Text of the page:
Happiness continues to elude Diana, however, who tells Don to give up on account of her emotional baggage when they resume their extended date at her place. She reveals she had two children, one who did die, and one who she abandoned back in Wisconsin with the girl’s father. “When I was with you, I forgot about her,” Diana says, “I don’t ever want to do that.” Diana assumes that Don doesn’t understand trauma or loss or disappointment when she pushes him away, but his willingness to pursue a relationship in spite of her revelations — there’s been other women since Megan, he explains, but he’s serious this time — doesn’t come from his privilege or a lack of life experience. It’s Don trying to carry on in the face of it.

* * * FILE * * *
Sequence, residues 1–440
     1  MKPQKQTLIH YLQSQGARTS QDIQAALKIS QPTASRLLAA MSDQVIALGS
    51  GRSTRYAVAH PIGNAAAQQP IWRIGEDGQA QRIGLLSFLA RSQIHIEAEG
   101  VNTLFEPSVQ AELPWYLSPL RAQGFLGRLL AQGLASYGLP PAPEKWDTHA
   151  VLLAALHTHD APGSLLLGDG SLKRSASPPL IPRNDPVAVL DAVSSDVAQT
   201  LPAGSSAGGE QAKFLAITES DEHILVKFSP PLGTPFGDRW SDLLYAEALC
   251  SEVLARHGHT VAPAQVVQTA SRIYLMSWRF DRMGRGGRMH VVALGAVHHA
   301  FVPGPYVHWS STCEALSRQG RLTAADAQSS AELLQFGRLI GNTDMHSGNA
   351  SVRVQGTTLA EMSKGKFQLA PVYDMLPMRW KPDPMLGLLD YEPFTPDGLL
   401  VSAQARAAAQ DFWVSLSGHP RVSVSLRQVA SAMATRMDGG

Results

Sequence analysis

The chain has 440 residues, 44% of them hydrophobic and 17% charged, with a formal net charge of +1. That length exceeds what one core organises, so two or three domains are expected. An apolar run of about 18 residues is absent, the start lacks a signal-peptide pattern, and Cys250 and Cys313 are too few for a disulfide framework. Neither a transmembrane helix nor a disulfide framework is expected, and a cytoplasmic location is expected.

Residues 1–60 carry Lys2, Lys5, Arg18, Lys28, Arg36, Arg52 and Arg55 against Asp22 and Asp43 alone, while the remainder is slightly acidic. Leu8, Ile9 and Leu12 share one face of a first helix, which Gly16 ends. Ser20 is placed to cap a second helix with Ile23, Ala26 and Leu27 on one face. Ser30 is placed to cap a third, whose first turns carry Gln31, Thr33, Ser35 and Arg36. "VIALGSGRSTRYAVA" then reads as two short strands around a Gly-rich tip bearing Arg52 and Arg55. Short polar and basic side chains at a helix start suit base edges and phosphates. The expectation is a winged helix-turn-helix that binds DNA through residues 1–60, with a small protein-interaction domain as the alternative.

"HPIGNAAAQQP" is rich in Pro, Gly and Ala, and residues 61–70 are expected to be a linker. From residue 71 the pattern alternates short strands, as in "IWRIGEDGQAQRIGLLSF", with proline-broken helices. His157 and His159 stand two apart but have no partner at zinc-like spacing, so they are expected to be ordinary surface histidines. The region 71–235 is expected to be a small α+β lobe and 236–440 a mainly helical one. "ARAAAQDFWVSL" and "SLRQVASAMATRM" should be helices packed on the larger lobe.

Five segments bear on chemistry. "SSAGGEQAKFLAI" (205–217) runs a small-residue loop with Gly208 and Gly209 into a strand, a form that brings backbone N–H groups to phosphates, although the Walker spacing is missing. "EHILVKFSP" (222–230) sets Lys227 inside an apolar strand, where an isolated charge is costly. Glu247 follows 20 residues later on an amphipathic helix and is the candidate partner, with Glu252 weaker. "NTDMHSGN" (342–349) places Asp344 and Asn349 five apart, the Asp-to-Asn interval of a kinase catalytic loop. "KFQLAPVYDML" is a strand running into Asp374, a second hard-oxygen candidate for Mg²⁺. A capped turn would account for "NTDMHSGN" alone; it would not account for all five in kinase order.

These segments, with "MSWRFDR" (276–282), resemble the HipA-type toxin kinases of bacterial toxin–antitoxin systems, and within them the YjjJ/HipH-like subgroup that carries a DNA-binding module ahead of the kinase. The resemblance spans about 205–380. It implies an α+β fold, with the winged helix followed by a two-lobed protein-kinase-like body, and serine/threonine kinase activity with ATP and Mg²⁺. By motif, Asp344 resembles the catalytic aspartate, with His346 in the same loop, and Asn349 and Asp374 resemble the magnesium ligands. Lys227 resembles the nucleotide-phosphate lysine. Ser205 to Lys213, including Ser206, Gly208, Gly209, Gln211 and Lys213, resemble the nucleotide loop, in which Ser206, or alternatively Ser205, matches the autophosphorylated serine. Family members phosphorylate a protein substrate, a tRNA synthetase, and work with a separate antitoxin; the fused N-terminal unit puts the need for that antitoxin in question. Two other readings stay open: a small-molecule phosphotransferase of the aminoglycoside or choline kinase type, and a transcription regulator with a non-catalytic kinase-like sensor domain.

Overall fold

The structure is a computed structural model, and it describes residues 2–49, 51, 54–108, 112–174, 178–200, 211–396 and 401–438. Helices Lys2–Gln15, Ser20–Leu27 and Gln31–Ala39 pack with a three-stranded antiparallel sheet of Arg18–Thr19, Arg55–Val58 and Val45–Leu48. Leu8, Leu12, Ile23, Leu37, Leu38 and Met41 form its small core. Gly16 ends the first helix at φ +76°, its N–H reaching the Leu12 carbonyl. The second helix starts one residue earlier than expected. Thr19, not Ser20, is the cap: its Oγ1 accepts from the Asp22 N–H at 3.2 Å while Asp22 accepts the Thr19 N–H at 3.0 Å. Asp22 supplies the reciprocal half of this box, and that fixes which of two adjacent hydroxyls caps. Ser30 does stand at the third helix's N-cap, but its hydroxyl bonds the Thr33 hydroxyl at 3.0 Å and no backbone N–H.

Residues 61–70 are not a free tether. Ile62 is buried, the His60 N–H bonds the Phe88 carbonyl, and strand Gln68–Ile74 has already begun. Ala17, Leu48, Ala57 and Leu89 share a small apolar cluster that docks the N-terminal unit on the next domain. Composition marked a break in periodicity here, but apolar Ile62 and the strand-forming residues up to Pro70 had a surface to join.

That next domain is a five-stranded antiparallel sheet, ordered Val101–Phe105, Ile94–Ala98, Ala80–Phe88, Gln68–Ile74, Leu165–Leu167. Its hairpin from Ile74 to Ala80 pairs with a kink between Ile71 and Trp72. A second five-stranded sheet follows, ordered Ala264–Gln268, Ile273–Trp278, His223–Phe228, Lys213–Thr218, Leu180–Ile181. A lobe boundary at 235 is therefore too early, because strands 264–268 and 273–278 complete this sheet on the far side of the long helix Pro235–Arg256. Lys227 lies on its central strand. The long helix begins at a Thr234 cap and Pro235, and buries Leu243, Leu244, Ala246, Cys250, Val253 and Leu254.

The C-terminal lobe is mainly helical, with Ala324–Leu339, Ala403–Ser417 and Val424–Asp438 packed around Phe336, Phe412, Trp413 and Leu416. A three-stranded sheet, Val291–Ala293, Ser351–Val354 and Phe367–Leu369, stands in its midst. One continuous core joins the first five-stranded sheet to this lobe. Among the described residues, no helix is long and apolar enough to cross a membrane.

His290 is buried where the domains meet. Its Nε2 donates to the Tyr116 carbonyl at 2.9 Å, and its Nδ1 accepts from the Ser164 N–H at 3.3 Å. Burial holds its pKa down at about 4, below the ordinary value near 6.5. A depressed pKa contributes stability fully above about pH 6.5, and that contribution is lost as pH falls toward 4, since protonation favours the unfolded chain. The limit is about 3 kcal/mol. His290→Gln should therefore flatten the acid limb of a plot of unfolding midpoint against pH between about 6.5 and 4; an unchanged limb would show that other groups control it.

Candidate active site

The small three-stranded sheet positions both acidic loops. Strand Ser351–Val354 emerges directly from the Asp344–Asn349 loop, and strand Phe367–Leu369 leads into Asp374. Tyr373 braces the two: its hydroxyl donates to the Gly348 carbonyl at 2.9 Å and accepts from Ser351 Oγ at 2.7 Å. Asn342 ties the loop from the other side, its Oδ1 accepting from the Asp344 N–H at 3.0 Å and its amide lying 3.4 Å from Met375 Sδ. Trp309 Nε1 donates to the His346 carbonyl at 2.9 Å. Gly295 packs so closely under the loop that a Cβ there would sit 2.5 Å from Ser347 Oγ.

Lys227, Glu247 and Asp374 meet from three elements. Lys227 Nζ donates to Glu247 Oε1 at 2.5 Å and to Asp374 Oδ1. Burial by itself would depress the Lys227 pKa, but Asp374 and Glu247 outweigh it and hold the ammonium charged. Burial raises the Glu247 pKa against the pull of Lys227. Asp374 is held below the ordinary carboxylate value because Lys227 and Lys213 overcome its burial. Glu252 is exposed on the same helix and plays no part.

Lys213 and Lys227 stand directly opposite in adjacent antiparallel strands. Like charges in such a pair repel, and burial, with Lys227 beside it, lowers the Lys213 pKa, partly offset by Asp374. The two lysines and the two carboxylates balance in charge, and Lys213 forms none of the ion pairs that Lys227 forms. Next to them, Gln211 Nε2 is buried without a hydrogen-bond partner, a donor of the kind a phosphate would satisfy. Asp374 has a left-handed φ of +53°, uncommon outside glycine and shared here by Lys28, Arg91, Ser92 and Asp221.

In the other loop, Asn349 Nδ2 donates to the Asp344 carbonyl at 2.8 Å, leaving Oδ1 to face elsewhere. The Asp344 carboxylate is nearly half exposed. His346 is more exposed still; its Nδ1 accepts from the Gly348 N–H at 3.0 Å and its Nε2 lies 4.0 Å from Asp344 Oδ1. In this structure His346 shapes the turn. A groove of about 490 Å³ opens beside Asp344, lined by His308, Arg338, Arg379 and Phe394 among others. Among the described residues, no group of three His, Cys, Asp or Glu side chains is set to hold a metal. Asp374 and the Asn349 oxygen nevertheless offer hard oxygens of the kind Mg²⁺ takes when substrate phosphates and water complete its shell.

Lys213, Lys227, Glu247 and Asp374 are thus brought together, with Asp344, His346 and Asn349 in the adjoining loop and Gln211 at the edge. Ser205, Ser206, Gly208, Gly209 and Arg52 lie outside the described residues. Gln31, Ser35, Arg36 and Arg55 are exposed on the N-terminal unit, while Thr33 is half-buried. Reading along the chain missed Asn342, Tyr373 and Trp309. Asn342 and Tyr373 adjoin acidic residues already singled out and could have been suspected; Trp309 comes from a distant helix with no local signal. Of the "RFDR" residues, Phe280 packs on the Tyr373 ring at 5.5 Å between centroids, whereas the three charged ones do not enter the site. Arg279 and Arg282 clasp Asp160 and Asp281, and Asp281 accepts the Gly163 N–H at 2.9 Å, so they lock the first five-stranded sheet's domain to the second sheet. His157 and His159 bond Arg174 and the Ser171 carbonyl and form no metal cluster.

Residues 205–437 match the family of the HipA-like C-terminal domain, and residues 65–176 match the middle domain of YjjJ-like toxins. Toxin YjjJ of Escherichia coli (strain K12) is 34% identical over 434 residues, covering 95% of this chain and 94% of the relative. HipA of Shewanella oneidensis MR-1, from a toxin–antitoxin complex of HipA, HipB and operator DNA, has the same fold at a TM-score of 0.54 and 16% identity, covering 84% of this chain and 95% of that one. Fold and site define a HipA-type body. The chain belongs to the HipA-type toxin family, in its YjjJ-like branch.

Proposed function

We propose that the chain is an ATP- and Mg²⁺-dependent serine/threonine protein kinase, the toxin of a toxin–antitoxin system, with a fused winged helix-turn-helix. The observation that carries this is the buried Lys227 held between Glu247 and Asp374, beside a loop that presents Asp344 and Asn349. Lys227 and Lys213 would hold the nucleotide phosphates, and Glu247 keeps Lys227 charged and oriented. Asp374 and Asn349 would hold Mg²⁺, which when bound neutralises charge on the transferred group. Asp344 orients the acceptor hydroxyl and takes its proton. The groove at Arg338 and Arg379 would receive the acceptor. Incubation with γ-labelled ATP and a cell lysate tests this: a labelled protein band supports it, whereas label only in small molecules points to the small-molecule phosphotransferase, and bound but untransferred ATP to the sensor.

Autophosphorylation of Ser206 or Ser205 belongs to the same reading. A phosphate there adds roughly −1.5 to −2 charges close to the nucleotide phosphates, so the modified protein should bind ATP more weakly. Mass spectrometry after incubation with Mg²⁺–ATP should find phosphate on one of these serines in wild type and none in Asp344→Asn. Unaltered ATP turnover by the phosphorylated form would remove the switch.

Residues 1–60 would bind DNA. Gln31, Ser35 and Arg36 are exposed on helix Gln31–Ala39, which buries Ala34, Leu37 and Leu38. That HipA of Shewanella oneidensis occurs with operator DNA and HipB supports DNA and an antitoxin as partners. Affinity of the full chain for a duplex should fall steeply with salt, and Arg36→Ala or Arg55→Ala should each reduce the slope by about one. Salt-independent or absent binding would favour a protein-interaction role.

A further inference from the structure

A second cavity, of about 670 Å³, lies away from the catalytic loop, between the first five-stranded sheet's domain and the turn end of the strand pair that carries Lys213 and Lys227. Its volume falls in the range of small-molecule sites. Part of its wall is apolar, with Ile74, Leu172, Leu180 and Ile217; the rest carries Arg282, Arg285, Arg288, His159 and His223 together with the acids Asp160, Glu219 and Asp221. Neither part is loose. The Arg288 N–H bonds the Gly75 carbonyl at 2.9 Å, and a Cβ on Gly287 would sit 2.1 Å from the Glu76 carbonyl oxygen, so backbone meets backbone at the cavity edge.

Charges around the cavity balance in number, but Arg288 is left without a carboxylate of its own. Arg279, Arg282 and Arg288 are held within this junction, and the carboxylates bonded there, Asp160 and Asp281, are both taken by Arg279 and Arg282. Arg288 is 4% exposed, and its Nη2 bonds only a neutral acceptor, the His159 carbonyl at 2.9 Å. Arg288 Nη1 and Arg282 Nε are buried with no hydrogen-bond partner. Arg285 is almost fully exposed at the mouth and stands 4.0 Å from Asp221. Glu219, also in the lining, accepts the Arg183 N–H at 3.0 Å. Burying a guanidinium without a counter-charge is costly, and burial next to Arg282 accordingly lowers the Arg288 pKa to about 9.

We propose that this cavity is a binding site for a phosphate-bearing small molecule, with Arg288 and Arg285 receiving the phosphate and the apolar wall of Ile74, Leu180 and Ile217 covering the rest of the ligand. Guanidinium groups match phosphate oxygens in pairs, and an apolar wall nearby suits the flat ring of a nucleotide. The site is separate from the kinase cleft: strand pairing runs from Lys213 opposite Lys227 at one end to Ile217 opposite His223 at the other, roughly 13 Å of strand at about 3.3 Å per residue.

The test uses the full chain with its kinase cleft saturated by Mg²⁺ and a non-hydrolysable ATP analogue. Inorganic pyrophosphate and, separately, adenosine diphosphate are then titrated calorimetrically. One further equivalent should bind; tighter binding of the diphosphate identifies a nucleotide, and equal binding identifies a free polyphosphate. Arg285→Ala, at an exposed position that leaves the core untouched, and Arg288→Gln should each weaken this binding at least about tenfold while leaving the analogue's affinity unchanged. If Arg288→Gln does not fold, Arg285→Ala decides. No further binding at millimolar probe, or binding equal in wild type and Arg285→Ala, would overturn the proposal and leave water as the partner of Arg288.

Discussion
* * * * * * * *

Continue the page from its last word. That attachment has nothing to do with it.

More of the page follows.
This wise, compassionate and magnanimous side of Don is one we’re seeing more and more of as the series winds down, but he was especially present in “New Business”: Don ignored Roger’s rant about not backing down from a divorce fight; he gave Pete some practical advice about rebuilding your life after a marriage ends (seriously though, can Mad Men not afford better green-screen technology than whatever was happening during that car scene?); and then he fulfills his promise to always take care of Megan, not because he’s weary of divorce drama, but because he genuinely believes that’s the right thing to do. When Don Draper starts looking like the most well-adjusted person in the series, you know Mad Men has come a long way.